Buying Your Freehold | NatWest

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Your home may be repossessed if you do not keep up repayments on your mortgage

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If you live in a flat, chances are you're one of the millions of people in England and Wales who holds a leasehold. This means that while you can own and occupy the property, you'll have to pay the freeholder (the owner of the land) regular ground rent and service charges for the privilege.

If you want to extend the lease, this also has to go through the freeholder and can prove expensive. If you and your neighbours hold the freehold, extending the lease could even be free. But how do you go about it? This guide aims to clear that up and more.

Things to consider

Do your sums

Work out if it's actually worth purchasing your freehold. If all you're after is a longer lease, you might find that it proves cheaper to simply extend it rather than buy the freeholder out.

 

Cost

There's no guarantee that the value added to your home will cover the amount you shelled out in the first place – especially when you throw legal fees, valuation fees and stamp duty into the mix.

 

Getting everyone on board

You'll also need to get the other lease owners in your building on board to pay for their share. This whole process is called 'collective enfranchisement', which sounds complicated but is just a legal term for all leaseholders in the building clubbing together to buy the freehold.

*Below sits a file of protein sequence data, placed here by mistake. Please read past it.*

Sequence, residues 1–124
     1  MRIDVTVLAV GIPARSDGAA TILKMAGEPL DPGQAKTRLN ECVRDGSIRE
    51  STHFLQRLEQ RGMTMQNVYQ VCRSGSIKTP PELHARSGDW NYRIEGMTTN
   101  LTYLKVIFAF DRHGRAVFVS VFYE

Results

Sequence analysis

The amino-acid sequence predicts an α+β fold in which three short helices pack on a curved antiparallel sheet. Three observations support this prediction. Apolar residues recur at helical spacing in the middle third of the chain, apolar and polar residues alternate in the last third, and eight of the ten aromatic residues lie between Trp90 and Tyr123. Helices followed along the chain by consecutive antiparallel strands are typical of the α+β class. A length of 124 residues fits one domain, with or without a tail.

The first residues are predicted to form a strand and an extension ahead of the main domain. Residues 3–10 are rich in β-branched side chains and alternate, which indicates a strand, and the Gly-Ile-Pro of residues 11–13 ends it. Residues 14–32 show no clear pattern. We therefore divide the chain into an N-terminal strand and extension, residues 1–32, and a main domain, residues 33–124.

Additional responsibilities

As a collective, you'll need to band together to create a freehold company, and will be responsible for organising insurance and maintenance. Don't forget that if the building isn't kept in good condition, its value could decrease rapidly.

What are the benefits?

No more ground rent

The biggest win is that you'll no longer need to pay ground rent, and you'll have a lot more control over the upkeep of the building too. This means your yearly service charge could get considerably cheaper.

 

You're in control

A freehold also comes with fewer conditions, so you'll have a lot more say over how you live in your property – whether that's being able to keep a pet, or being able to work on your home without needing to seek permission.

 

Helping you sell

Buyers tend to view a share of a freehold very favourably, so it could attract a lot more potential buyers if you decide to sell later.

Additional borrowing
Add your signposting title here… Additional mortgage borrowing

Looking to make some home improvements? If you have a NatWest mortgage you could borrow up to 90% loan to value. Additional borrowing is available on a capital & interest repayment basis.

Your home or your property may be repossessed if you do not keep up repayments on your mortgage.

Additional borrowing
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